lack of any party with a more direct and specific interest. In this case, no other government agency filed suit. wide impact or implementation; in this case, nationwide.
Padilla, concurring: Gambling is immoral. Petitioner must show a clear, personal or legal right violated by the assailed law, but the requirement must be relaxed in the face of paramount national interest. The PCSO-PGMC contract is clearly a joint venture as each party contributes its share in the enterprise or project – PCSO contributes the market. Melo, dissenting: The petition must be dismissed for lack of standing. Petitioners are without a personal stake in the outcome of the controversy; to invoke public interest is too broad and indeterminate. Their capacity as taxpayers does not give them standing; a taxpayer suit can arise only w\hen public funds derived from taxation are improperly disbursed. PCSO is not a revenue-collecting fund and as such no public funds are involved. The funds in question are corporate in nature and will not fo into the National Treasury. If the petition is entertained, it may give rise to nuisance suits. Puno, dissenting: The requirement of standing to sue inheres from the definition of judicial power. It is not merely a technical rule. Section 1, Article 8 of Consti outlines the requirements to be satisfied / complied with before coming to court: a) actual case / controversy b) question of constitutionality raised by the proper party with actual or potential injury c) question raised ASAP d) judicial decision on question raised necessarily to determine the case. Even a relaxation of the requirement of standing does not mean all cases should be heard. Petitioner has no standing because: a) not part of the contract b) petitioners are not personally injured; they won’t even play c) no ordinary tax is involved or tax money used, given that PGMC assumes all risk d) an action on behalf of other parties must exhibit personal injury and a need to prevent the erosion of a third party right The invocation of constitutional rights and the allegation of vioalation are untenable. Section 1 Article 13(enhance right to dignity and equality through property regulation) is a mere policy direction for the legislative, reminding them to prioritize certain concerns. Section 11, Aticle 12 (60% Filipino ownership) violations cannot be determined by the Court as PGMC has not been proven to be foreign-owned or controlled. The rulings in DE GUIA VS. COMELEC the Court treated standing as a procedural rule when in fact it is a constitutional requirement under Sec 1, Art. 8. In FLAST VS. COHEN standing was shown to focus on the party and not the issue. Standing cannot be granted simply because others cannot come to court. The taxpayer suit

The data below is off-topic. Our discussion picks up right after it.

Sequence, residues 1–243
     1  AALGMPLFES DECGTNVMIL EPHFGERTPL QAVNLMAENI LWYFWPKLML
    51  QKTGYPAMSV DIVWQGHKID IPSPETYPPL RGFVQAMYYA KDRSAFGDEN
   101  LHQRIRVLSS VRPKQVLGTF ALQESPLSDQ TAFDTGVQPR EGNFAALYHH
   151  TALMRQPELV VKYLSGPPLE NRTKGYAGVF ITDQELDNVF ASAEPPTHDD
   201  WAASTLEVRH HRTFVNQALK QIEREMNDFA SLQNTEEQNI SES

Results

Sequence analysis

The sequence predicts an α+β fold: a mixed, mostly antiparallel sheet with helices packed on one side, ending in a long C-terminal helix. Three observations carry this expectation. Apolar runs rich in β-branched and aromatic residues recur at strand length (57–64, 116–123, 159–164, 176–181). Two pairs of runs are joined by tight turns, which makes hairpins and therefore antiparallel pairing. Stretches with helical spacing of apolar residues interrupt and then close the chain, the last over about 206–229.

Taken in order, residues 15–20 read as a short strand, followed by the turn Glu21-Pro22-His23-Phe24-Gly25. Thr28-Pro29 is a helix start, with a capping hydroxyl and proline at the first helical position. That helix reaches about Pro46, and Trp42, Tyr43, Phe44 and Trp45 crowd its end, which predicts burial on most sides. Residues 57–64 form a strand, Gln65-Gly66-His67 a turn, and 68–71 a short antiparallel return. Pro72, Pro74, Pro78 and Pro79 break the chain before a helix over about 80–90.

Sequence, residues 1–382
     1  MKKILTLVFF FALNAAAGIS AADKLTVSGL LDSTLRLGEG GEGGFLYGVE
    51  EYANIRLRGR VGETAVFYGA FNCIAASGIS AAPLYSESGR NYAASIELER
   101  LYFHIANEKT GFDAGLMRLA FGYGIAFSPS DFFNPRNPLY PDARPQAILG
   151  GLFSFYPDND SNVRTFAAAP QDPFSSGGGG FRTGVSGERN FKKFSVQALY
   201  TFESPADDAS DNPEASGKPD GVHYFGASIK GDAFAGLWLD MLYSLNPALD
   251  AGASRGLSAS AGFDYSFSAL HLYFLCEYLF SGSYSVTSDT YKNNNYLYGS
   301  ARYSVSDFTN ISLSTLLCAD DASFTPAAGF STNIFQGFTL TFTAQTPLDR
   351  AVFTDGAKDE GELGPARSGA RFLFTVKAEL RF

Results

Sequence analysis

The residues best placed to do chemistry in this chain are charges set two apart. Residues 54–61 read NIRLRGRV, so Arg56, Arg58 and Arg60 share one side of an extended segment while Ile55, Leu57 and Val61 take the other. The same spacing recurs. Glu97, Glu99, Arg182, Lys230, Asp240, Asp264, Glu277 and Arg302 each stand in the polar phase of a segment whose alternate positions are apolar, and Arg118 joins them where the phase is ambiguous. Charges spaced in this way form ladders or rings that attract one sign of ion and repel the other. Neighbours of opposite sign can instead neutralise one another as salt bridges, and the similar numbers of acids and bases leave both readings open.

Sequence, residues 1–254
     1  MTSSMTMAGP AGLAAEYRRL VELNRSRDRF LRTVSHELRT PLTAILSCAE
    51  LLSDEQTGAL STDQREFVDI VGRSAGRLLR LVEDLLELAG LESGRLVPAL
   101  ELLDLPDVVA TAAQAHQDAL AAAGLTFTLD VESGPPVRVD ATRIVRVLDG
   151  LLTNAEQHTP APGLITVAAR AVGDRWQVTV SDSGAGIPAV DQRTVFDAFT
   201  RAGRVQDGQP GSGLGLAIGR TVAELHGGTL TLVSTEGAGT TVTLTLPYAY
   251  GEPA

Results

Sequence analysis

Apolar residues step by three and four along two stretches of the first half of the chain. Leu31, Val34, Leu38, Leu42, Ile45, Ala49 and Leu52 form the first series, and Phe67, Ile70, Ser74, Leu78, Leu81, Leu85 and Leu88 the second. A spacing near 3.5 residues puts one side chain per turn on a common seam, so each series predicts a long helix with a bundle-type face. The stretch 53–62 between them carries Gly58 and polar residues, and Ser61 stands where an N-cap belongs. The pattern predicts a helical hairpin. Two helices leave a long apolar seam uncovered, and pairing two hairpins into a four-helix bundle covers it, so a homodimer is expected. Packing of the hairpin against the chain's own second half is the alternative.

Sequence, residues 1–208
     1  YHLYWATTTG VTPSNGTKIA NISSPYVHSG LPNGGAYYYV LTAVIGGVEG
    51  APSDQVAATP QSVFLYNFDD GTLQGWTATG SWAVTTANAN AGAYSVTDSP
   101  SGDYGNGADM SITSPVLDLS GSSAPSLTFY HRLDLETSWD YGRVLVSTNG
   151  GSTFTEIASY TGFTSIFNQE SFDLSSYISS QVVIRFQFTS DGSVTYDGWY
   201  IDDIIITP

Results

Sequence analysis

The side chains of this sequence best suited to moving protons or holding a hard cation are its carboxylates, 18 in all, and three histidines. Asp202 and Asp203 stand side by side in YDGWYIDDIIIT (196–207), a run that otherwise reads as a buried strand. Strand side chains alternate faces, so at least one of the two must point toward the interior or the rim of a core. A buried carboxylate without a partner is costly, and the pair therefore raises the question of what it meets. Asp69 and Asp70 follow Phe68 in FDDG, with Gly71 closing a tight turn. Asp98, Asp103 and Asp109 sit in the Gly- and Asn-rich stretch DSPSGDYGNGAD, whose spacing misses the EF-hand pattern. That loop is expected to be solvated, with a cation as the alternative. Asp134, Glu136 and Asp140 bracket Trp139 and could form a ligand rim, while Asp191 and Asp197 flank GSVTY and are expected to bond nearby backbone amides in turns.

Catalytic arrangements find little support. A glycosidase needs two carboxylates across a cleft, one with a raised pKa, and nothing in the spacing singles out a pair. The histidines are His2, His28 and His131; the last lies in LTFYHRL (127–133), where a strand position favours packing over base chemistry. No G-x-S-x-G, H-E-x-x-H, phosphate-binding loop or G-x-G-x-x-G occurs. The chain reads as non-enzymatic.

is without legal basis as the PCSO is a quasi-public corporation where taxpayer derivative suits cannot be recognized. The majority struck down the contract on the basis of a statute, but invoked National Importance for overlooking standing. There are no Constitutionallybased arguments. Power unused would be better than power misused. Petition denied. Vitug, Separate Opinion: Tax Payer suits are recognized only insofar as public funds from taxation are misused. Locus standi is not merely a procedural rule but the essence of jurisdiction. The petition strikes at factual issues and requires evidence. The petitioner’s claim that lottery being a game of chance is a crime against morals in the REVISED PENAL CODE is misplaced. The Court has not power to ignore legal mandates. RA 1169 Section 1 authorizes PCSO to conduct lotteries. Petition dismissed. Kapunan, dissenting: There is a need to comply with standards before petition can be recognized. The judiciary has power to decide on cases only when litigants with real interests at stake file complaints in accordance with law. The funds in questions are generated from sources other than taxation / public funds. The Court must respect the other branches of government; national interest is not enough reason to encroach on their powers. The judicial power is to check, not to supplant those powers of elected representatives. There is no constitutional issue involved; the question of the contract’s validity should have been brough before the lower courts. Petition denied.